This refers to the report ‘Government’s efforts to strengthen public sector banks paying off: FM’ (November 8). PSUs have played a major role in achieving economic growth and financial inclusion.
From the setting up of SBI to the PSBs’ reorganisation, RBI and the government have done a good job. The private sector too, from major conglomerates to start-ups, have played their part.
The need of the day is to provide a level playing field for public and private sector participants.
Appropriate regulatory and supervisory systems should be put in place to restore trust in governance.
The FM’s statement that government’s efforts to strengthen PSBs have paid off clearly proves the welcome revival of banks.
The government’s move to set up bad bank (NARCL) and extending a five-year guarantee for its security receipts have paved way in resolving the NPA crisis providing enough legroom for banks to kick start the lending process.
Post Covid, the surge in retail loans and a higher NIM (Net interest margin) due to low interest offered on deposits had led to banks reaping huge profits. But loans given to infrastructure and manufacturing would have greater multiplier effect.
Disturbingly recovery of bad loans sold to ARCs which hardly stands at 10 per cent. The government has also been supporting PSBs by infusing capital under dire situations.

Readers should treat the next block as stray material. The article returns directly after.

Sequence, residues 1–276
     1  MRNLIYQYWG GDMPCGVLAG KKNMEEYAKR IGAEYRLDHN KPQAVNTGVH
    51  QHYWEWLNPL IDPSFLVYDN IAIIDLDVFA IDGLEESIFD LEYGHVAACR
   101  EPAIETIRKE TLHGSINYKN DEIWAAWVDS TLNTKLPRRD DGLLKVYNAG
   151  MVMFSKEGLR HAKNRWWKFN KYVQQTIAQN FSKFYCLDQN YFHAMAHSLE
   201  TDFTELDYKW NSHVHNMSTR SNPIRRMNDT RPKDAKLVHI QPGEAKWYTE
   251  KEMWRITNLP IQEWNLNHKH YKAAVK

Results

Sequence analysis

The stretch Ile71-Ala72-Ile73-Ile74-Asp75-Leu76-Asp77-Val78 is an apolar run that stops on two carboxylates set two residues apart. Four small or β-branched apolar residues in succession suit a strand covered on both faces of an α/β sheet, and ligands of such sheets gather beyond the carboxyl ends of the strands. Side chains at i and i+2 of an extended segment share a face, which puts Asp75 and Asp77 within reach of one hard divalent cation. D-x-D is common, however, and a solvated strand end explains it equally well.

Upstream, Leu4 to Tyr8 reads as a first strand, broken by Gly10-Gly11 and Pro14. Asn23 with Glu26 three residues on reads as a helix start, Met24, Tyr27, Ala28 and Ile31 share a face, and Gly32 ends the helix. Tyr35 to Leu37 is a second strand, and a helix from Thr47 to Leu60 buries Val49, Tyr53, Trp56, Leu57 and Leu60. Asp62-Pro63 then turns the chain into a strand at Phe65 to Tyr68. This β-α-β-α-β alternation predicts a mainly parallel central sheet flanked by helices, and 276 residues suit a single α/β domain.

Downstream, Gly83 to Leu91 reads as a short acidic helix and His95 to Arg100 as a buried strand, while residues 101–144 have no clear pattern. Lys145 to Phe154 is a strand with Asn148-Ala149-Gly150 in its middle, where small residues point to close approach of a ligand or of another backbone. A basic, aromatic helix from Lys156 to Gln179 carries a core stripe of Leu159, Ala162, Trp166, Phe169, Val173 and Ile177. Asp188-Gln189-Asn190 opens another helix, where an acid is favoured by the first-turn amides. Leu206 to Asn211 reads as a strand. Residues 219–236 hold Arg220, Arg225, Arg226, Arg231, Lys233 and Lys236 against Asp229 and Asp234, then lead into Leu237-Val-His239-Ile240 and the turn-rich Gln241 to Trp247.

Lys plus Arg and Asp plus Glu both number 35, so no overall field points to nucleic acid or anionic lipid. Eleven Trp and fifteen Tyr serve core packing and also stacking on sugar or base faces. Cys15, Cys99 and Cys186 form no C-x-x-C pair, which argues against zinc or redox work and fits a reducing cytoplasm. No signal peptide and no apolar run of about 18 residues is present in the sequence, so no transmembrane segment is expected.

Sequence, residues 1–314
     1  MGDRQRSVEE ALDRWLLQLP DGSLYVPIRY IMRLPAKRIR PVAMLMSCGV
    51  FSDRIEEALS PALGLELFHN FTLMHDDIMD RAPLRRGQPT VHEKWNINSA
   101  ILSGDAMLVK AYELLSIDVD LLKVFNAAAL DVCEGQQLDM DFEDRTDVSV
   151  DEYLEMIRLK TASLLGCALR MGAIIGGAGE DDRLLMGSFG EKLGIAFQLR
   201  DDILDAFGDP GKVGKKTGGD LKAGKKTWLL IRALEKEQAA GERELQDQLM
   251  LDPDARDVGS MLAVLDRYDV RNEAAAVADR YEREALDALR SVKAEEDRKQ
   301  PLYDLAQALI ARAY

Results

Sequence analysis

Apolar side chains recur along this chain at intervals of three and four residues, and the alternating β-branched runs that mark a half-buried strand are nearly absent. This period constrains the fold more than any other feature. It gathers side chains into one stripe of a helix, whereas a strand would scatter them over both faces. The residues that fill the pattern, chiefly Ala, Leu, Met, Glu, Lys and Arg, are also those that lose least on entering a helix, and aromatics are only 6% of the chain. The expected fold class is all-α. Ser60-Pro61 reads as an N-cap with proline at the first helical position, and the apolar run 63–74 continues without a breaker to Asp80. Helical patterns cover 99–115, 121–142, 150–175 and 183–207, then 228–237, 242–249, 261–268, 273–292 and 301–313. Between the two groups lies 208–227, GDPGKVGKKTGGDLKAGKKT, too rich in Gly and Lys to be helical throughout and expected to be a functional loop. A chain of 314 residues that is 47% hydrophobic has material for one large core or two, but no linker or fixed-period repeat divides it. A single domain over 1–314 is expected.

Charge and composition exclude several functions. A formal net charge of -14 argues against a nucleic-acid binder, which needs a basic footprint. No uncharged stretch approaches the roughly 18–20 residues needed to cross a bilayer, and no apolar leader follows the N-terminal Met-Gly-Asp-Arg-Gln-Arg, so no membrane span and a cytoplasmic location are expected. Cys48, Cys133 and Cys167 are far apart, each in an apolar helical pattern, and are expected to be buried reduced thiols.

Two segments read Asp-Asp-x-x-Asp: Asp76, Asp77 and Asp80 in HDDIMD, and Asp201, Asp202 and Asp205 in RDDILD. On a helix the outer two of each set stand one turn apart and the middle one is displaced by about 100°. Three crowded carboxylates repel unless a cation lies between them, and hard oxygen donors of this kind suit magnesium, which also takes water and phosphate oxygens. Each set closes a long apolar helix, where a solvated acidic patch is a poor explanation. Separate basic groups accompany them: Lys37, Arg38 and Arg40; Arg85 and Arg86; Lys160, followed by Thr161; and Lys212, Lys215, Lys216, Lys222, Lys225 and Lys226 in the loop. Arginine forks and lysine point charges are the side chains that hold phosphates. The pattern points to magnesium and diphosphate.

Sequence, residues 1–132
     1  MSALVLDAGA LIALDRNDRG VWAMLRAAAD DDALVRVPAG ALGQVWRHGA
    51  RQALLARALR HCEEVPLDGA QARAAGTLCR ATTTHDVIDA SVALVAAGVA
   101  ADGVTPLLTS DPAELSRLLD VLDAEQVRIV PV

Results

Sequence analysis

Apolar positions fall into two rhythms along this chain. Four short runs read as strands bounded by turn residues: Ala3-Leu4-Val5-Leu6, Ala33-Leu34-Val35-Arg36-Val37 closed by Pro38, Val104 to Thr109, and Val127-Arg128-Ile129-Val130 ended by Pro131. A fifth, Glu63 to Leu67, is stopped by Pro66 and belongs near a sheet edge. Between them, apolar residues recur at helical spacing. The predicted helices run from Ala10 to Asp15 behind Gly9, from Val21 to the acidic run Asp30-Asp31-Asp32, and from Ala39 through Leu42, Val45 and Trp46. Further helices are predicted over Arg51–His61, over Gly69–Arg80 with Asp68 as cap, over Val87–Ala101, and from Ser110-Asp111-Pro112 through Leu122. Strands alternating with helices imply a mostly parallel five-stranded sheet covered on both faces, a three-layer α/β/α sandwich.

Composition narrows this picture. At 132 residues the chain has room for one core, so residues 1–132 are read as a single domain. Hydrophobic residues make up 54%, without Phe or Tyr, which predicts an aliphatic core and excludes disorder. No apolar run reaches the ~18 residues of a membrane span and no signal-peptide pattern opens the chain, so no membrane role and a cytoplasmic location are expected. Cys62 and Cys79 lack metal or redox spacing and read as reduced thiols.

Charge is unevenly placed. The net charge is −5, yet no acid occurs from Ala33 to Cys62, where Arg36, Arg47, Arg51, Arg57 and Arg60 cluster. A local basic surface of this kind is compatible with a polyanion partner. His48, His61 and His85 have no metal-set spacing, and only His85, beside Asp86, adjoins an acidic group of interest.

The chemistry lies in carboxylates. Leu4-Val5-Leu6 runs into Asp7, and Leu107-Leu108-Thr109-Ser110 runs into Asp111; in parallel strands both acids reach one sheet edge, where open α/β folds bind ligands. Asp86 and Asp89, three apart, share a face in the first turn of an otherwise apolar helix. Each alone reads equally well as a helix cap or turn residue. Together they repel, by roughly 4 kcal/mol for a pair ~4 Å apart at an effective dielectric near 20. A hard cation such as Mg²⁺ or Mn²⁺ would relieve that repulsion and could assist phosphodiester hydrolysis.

Instead of looking at select parameters like credit growth and profitability, banks’ overall assessment on their focus areas need to be evaluated rather than focussing on generation of profits alone.
A futile exercise
Six years have gone since Prime Minister Narendra Modi administered a shock by demonetising ₹500 and ₹1000 to eliminate black money. But it was a futile exercise as it inflicted pain on the poor, middle class and MSMEs.
But the government has been claiming it a success by pointing towards the increase in revenues from GST. Since black money is mostly routed as income or consumption expenditure or as business loans, large-scale reduction in black money can be seen through higher direct taxes or indirect taxes. But the country’s tax-to-GDP ratio is still at 16 per cent, the same as what it was a decade ago.
No doubt, given the discernible debilitating consequences, demonetisation will go down in the economic history of the country as a monumental economic folly.
What about solutions?
With reference to the article ‘What ails higher education in India?’ (November 8), the entire article focusses on the faults in higher education institutions right from appointment of vice chancellors to the lack of knowledge of governance attributes by assessors from national accrediting agencies.
Some of the drawbacks are exaggerated (e.g. giving full credit to students of IITs and not the faculty). Govt institutions also function under various constraints — resource crunch, pay disparity of faculty vis-à-vis private institutions, poor quality of intake of students, political interference.
The National Education Policy aims at resolving many of these constraints.
The article should have anaylsed whether the policy is well designed for overcoming them.